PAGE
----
What’s in a name? Sometimes racism!

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A column by Tom Van Dusen

There was always something a little unsatisfying, even unnerving about the name Russell… and it just wasn’t the fact it caused confusion by being applied simultaneously to a township, village and county.

Locally, it was meaningless. The name belonged to accountant Peter Russell, administrator of Upper Canada in the late 1700s, a functionary who didn’t shine in any particular way, with no connection that I’m aware of to the local jurisdictions that were unceremoniously downloaded his name.

Actually, Peter Russell stood out in one way: He was a slave-trader of note, a self-serving proponent of continuing slavery rather than abolishing it, one of Toronto’s most dedicated slave owners of the day.

Why would local residents want this man’s disturbing legacy attached to us? The answer is we wouldn’t then or now, making a discussion of the situation in an increasingly anti-racism world highly relevant.

The renaming Russell discussion has been launched on social media picked up by Russell Township council, which will look at a cost-effective remedy this Monday night. Although the cheapest option, Mayor Pierre Leroux’s proposal to rededicate the name to another prominent person named Russell may just not fill the bill.

As outlined in Wendell Stanley’s fine local history From Swamp and Shanty, Peter Russell came to Canada with John Graves Simcoe who appointed him to the senior administrative position before returning to England. When Simcoe’s successor as Lieutenant Governor arrived in 1799, Russell was bumped out; he died in Toronto in 1808.

Russell Township was originally known as Elmsley Township and Russell Village was officially named the much more suitable Duncanville in 1852 after founder William Duncan whose home on the banks of the Castor River I’m proud to say I once owned. I’m sad to say it was destroyed by fire after I had rented it out.

When Duncan opened the first post office, it was designated Russell Post Office in the Village of Duncanville. Confusion reigned, with the post office designation also being used as the village name, Russell and Duncanville Village becoming interchangeable until , in 1898, a bylaw was passed by Prescott-Russell County Council that the unincorporated Village of Russell become the Police Village of Russell.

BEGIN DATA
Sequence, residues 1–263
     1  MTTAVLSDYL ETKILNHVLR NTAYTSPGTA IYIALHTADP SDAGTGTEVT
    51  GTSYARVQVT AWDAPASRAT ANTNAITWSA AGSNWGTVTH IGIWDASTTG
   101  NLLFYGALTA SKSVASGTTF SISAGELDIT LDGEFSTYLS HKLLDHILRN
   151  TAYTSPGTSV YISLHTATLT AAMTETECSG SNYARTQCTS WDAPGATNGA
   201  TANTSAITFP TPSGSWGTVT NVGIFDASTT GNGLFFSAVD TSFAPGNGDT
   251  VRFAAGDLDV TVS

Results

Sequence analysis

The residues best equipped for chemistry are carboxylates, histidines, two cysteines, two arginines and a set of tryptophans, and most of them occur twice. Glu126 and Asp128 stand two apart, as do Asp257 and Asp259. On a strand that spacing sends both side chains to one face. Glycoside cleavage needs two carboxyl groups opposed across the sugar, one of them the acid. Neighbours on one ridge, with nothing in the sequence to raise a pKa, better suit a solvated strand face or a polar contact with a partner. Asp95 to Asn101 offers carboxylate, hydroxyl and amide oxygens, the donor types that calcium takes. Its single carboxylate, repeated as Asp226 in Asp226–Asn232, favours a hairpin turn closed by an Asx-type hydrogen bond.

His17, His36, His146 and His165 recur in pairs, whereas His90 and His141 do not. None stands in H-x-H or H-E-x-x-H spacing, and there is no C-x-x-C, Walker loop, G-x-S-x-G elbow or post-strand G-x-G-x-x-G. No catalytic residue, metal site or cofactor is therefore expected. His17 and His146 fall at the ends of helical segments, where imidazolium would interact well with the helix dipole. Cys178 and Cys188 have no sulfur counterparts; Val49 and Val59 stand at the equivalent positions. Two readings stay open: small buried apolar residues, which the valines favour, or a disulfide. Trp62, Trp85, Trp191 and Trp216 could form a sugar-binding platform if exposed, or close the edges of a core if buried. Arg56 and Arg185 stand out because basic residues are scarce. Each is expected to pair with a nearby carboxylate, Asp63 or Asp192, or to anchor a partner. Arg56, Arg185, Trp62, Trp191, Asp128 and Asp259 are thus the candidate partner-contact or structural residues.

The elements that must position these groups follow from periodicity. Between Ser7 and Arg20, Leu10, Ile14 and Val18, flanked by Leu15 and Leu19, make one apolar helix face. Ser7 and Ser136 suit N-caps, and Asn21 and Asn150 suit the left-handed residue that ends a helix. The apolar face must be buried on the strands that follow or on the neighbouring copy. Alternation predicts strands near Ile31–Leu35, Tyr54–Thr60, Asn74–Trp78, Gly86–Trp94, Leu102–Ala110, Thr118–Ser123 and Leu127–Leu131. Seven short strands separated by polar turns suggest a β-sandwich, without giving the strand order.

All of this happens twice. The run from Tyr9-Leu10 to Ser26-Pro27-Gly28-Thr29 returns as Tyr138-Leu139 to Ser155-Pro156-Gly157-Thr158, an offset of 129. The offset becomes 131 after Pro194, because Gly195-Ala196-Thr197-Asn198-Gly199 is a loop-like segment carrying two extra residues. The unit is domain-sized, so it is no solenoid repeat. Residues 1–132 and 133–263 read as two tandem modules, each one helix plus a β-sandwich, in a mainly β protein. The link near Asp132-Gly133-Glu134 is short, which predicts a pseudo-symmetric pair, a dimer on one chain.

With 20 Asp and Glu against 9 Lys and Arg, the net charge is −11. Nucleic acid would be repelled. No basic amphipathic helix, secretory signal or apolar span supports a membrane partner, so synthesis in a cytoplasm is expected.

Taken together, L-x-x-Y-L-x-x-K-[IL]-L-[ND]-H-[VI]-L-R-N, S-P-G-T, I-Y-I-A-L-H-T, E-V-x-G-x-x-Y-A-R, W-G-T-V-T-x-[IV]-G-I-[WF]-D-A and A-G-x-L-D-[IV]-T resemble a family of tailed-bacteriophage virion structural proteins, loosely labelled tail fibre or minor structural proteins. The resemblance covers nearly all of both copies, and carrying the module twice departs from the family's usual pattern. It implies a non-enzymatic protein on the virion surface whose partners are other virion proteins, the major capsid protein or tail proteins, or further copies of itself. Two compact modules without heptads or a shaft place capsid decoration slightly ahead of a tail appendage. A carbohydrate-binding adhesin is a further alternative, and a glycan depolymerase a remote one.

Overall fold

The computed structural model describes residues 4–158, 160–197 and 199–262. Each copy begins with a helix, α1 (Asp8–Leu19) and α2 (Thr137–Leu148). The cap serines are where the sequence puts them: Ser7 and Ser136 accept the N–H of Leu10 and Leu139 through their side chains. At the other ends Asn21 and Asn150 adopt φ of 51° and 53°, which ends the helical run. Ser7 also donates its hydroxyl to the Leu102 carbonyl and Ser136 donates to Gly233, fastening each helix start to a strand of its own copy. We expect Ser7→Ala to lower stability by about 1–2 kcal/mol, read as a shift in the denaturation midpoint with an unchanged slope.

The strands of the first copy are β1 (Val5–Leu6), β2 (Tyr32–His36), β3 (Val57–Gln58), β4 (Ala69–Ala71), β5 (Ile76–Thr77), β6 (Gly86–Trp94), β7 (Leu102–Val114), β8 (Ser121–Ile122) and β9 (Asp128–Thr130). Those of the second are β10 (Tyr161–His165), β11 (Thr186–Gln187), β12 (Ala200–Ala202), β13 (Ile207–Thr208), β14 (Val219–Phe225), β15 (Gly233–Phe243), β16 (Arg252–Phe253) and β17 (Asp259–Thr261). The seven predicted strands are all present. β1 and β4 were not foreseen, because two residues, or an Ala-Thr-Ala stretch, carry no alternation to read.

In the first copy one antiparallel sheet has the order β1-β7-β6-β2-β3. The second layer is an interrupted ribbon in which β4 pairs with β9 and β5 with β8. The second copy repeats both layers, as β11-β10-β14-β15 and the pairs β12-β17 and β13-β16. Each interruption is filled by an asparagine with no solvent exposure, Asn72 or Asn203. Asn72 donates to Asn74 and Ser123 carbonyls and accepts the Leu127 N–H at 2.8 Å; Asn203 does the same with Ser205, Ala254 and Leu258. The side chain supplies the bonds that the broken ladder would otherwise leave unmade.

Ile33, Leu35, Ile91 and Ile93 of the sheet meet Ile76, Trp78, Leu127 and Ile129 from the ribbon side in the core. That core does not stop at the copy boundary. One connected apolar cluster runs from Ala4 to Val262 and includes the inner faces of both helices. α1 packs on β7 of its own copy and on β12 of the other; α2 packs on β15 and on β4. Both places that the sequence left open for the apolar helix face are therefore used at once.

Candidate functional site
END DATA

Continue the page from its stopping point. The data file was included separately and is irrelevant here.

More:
After years of research in compiling his book, Wendell stated this about the Russell/Duncanville confusion: “I have been unable find any official records of a name change.”

So, other than that’s just the way it is, Russell residents should have no loyalty to a no-name which slipped in, wiping out the much more colourful, significant and non-controversial Duncanville. In the past, I’ve written columns advocating a return to the original – and possibly still official –name of the village, pointing out Peter Russell’s unsavory character and lack of significant accomplishment. In my mind, Duncanville remains a viable option for the village, a name to return to with pride.

And how about Castor Township/Canton de Castor which works equally well in two official languages instead of Russell Township? It’s a name which has been considered before in studies to increase the local profile for marketing purposes, an option I’ve always liked for its simplicity, bilingualism, and meaning relating as it does to the river that crosses the entire municipality.

As for renaming Russell County, I’ll leave that aside for the moment because it’s highly complicated due to its legal and administrative interconnection with Prescott County. But if we’re changing names because Russell doesn’t cut it and never did, the county needs a new one too.

As unlikely as it seems, we might be able to find a new Russell to hang our hats on. Otherwise, if we want to eradicate the name except in the annals of local history, we’ll have to be more creative and spend a few more bucks.

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